War of the Rebellion: Serial 106 Page 0906 Chapter LXII. OPERATIONS ON THE PACIFIC COAST.

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for which reason I have deemed it my duty to facilitate his going North to confer with you. He will leave to-morrow in the steamer Liberty for New York, with a letter from me to you.

I have the honor to be, sir, with great respect, your obedient servant,


Acting Consul-General.

SAN FRANCISCO, July 16, 1864.

Lieutenant Colonel R. C. DRUM,

Assistant Adjutant-General, Department of the Pacific:

SIR: In obedience to instructions from Colonel R. E. De Russy, U. S. Engineers, in charge of the additional defenses of San Francisco, &c., I have the honor to submit the following report on the character, position, and state of forwardness of the works on Angel Island: These works are three in number, and consist of earthen parapets twenty feet thick for barbette batteries, and are sustained on the inside by revetments of timber. They are at Point Stewart, at the entrance of Raccon Straits; at Point Knox, a projecting point about 650 yards to the east, and at Point Blunt, on the southeast point of the island. The distance from Point Knox to Point Blunt is 2,200 yards. Point Stewart is a work for four guns, three of which are 32-pounders and the fourth a 10-inch Rodman gun. They all command the straits the straits to within 200 yards of the shore, and the large one, being on the salient point of the island and on a center-pintle carriage, has a range of fire 255 degrees, crossing fire with Point Knox. The interior crest of this work is 111 1/2 feet above ordinary high water. The excavation for the magazine is completed and the timber for it framed. To complete it will require from two three weeks. A road to this battery has just been finished, which will allow the materials for the magazine and platforms to be brought to it. The guns will be mounted within ten days. The battery at Point Knox is for ten guns, seven of which are 32-pounders, two 10-inch Rodman, and one 8 inch Rodman. They have a range of fire of 180 degrees, crossing fire with Point Stewart, Alcatraz, and Point Blunt. Its interior crest is 129 1/2 feet above high-water mark. The parapet and magazine are completed and all the guns will be mounted and the work in a state of defense within a week. The battery at Point Blunt is designed for seven guns, six of which are 32-pounders and the other a 10-inch Rodman gun. The interior crest is fifty-one and a half feet above high-water mark and crosses fire with Alcatraz and Point Knox. The parapet of the work is completed. A ramp and magazine were commenced four days ago. It is expected this work will require three weeks for its comletion. These batteries are so arranged that no vessel can lie anywhere between Point Stewart and Point Blunt without its being commanded by one or more of their guns.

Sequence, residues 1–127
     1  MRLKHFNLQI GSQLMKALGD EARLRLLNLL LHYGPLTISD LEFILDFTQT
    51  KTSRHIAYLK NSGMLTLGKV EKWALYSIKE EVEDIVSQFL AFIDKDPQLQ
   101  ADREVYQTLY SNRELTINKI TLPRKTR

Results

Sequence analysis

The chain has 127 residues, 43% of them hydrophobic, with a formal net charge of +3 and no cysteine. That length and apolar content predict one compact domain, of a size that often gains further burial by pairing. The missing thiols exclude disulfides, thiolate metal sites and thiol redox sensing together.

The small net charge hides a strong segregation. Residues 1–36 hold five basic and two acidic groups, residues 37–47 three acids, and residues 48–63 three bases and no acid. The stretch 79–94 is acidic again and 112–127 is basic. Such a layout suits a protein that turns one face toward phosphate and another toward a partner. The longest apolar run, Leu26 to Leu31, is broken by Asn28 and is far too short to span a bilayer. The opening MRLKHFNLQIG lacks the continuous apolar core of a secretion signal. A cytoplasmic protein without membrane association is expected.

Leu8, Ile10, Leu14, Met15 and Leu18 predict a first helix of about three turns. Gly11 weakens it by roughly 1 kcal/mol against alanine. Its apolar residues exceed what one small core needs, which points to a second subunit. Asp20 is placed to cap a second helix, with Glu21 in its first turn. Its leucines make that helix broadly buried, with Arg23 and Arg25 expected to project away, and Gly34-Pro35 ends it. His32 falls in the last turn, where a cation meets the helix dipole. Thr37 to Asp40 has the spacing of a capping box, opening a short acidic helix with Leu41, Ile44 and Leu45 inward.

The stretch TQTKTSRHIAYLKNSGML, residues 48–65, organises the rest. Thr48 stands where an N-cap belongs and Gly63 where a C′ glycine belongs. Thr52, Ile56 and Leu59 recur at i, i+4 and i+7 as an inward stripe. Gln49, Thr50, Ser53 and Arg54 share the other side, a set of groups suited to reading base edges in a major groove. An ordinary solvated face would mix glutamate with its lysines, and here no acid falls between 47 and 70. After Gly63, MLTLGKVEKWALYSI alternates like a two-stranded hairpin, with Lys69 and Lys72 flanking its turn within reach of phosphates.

Respectfully submitted.


Major, U. S. Engineers.



San Francisco, Cal., July 16, 1864.

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5. Major Edward McGarry, Second Cavalry California Volunteers, will proceed to Camp Douglas, near Salt Lake City, and report to Brigadier General